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Let's Check the Markets!
OKC West is our Market Links Sponsor- they sell cattle three days a week- Cows on Mondays, Stockers on Tuesday and Feeders on Wednesday- Call 405-262-8800 to learn more.
FedCattleExchange.com has a total of 528 cattle on their showlist for the Wednesday,
September 19th sale of finished cattle- details will be available after noon today by clicking here.
Steer and heifer calves sold 3.00 - 6.00 higher on Tuesday
compared to last week at OKC West
- click or tap here
for a look at the September 18th sale results.
Today's First Look:
mornings with cash and futures reviewed- includes where the Cash Cattle market stands, the latest Feeder Cattle Markets Etc.
Each afternoon we are posting a recap of that day's markets as analyzed by Justin Lewis of KIS futures
- click or tap here
for the report posted yesterday afternoon around 3:30 PM.
Okla Cash Grain:
Feeder Cattle Recap:
Slaughter Cattle Recap:
TCFA Feedlot Recap:
Our Oklahoma Farm Report Team!!!!
Ron Hays, Senior Farm Director and Editor
Carson Horn, Associate Farm Director and Editor
Pam Arterburn, Calendar and Template Manager
Dave Lanning, Markets and Production
|Oklahoma's Latest Farm and Ranch News
Your Update from Ron Hays of RON
Wednesday, September 19, 2018
|Bill Buckner Announces His End of the Year Retirement from Noble Research Institute
Bill Buckner announced on Tuesday that he will retire as president and chief executive officer of the Noble Research Institute at the end of 2018.
Buckner was selected as Noble's eighth president in 2011 and has led the organization for seven years. "There are no words to properly express the thankfulness I have for my time at Noble," Buckner said. "Every day at Noble, I have the opportunity to positively impact agriculture and contribute to something greater than myself. I am honored to be a part of the Noble legacy, and I'm excited to see the next chapter unfold for myself and the organization."
Russell "Rusty" Noble, a member of the Board of Director's executive committee and founder Lloyd Noble's grandson, hailed Buckner's tireless pursuit to advance agriculture. "When you meet Bill Buckner, you know one thing for sure: he loves agriculture. He is a passionate advocate for the sector," Noble said. "During his time at Noble, Bill worked tirelessly to promote soil health and create innovative new solutions that could open up new opportunities for farmers and ranchers. The Noble Foundation Board of Directors and all the employees offer a whole-hearted thanks to Bill for all of his work."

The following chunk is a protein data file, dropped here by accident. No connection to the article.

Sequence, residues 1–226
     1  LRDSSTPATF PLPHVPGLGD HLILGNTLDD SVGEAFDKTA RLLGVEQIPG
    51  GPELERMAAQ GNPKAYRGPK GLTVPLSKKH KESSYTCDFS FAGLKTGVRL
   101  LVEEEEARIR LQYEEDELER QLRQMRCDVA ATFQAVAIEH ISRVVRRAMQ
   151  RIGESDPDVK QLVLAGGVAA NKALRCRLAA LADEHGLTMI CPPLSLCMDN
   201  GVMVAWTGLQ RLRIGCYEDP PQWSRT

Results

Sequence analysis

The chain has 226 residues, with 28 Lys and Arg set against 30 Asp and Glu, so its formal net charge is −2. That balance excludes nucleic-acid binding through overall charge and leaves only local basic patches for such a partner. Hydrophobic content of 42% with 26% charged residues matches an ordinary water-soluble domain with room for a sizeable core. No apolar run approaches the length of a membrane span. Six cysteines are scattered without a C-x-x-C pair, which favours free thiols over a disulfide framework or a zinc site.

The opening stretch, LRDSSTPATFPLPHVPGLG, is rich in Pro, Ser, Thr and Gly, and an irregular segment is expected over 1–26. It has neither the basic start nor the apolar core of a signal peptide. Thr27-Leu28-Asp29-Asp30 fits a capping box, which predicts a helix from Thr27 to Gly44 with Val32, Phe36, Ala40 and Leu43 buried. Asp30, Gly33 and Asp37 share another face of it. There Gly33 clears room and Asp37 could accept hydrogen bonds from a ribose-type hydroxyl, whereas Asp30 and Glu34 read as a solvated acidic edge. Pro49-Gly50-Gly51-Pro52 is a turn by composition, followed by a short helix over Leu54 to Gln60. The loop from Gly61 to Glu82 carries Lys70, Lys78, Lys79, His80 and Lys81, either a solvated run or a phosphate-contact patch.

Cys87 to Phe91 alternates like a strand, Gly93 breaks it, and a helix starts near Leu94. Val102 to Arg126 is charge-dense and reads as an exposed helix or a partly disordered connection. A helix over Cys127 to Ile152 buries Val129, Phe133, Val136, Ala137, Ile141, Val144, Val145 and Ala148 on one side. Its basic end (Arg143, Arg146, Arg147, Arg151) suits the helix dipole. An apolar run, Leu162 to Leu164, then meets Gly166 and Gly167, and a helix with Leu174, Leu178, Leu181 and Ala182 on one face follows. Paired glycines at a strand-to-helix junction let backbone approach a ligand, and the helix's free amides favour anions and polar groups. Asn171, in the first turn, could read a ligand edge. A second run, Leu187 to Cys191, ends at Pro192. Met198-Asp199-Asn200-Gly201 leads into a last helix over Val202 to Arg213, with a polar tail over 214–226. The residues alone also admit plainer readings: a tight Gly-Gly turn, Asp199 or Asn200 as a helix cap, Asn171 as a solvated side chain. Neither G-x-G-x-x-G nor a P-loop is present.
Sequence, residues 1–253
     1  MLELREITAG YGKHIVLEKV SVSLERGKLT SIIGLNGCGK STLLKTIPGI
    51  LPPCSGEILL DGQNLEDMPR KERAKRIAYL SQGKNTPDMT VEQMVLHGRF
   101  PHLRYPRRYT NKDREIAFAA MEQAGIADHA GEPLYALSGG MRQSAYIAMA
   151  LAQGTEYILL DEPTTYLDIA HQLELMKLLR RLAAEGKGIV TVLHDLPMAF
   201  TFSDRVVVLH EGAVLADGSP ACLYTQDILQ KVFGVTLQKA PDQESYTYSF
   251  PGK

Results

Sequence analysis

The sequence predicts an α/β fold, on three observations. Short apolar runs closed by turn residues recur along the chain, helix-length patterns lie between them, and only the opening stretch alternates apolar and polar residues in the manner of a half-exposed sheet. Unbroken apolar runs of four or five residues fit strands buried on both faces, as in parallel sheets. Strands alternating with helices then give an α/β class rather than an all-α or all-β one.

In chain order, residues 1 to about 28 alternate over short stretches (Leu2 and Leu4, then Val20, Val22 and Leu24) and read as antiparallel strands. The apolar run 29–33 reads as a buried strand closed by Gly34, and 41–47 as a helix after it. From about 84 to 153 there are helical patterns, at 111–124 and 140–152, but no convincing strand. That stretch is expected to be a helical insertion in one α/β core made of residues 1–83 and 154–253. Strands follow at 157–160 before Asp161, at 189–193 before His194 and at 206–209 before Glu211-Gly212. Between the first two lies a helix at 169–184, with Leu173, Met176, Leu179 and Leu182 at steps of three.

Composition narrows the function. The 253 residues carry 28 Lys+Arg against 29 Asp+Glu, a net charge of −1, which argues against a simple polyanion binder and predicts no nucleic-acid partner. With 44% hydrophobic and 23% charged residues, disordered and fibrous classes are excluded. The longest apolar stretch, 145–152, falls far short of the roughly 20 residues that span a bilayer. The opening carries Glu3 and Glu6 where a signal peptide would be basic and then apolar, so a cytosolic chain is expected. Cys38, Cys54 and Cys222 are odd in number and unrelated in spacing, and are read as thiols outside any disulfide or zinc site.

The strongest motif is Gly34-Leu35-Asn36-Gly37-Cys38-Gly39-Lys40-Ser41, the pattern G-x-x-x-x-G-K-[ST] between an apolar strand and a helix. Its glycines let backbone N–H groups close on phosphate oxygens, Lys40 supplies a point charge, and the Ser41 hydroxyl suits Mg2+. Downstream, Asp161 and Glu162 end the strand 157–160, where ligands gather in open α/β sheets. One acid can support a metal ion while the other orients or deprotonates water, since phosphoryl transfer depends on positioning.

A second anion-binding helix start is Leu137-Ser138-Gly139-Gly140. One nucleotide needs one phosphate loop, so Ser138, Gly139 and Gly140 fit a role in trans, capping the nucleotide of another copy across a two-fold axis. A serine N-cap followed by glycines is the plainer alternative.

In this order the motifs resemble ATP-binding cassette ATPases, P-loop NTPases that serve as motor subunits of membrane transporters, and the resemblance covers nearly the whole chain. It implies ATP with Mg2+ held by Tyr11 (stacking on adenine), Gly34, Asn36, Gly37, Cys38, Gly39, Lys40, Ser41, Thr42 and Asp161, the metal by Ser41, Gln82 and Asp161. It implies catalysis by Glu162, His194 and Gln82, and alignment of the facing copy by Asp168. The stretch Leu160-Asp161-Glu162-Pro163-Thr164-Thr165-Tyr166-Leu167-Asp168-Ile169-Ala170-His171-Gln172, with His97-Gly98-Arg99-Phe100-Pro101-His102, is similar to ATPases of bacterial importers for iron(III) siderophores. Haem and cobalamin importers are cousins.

One of the most significant accomplishments of Buckner has been his work to establish the Noble Research Institute. Originally known as The Samuel Roberts Noble Foundation, Noble separated its research and education operations from its philanthropic activities in 2017.
The organization's research, education and consultation activities continued forward under a new name, the Noble Research Institute, LLC, and became one of the country's first agricultural research organizations, a new type of 501(c)(3). The philanthropic activities, including grant-making and scholarship programs, of the original organization were placed in a new, private foundation, which carried the name traditionally associated with the organization's community giving, The Samuel Roberts Noble Foundation.
Click or tap here to read more of how Bill Buckner guided Noble during his time in Ardmore-
Noble is one of the most remarkable treasures that we have in the state of Oklahoma that has improved the well being of the many farmers and ranchers they have interacted with- Bill Buckner's modern day vision of what Lloyd Noble had in mind for this organization has been remarkable- Thank you Bill for taking on the challenge- for accomplishing so much- and for leaving the Noble Research Institute in a position to accomplish SO MUCH More.
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Beef Markets Surprise with Unseasonable Fundamental Strength Supported by Cheaper Corn Stocks
Cheaper corn in the marketplace have apparently given some unexpected support to fall calf prices, so says Jim Robb, director of the Livestock Marketing Information Center. With a record corn crop expected this year, based on numbers out from the latest USDA Crop Progress report, the economics of the cattle feeding business look promising in the months ahead. According to Robb, historically, a 10 cent move in the corn market either up or down, results in a correlated reverse of calf prices in the Southern Plains by roughly a dollar per cwt.
"Clearly, corn is a major cost of production for the feedlots and that feeds back into calf and yearling prices rather quickly," Robb said. "Now, we already had our breakevens for placing cattle last month at $128/cwt. So, we've already taken these cattle up, but they continue to ratchet up on the corn crop- probably more than anticipated."
According to Robb, things are looking up in the wholesale side of beef as well. Now is typically the time of year during which we see boxed beef marking lower nearly every week. However, Robb says market fundamentals tell a much different story, currently.
"I think the major story is that the market is that on the negotiated side, the tonnage was very robust last week," he said. "In fact, the largest tonnage for any week in that negotiated trade since mid-July. So, we've moved a lot of meat in the marketplace. That's a pretty positive sign, especially at this time of year, and reflects underlying consumer demand for products."